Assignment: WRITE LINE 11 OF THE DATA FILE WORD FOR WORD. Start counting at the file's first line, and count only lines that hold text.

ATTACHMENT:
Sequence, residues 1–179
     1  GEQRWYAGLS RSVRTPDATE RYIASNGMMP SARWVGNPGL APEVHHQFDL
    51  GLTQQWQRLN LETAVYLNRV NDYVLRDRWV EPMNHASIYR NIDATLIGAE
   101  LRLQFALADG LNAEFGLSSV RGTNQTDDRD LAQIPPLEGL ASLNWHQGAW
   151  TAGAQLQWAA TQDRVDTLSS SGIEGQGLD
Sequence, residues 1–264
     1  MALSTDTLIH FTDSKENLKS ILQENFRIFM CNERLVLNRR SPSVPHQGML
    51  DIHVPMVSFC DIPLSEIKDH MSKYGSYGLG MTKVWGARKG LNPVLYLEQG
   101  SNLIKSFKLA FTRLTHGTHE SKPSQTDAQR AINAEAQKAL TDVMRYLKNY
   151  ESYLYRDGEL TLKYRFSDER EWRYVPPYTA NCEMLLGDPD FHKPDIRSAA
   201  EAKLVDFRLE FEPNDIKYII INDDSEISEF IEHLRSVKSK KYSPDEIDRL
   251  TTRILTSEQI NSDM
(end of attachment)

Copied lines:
   201  EAKLVDFRLE FEPNDIKYII INDDSEISEF IEHLRSVKSK KYSPDEIDRL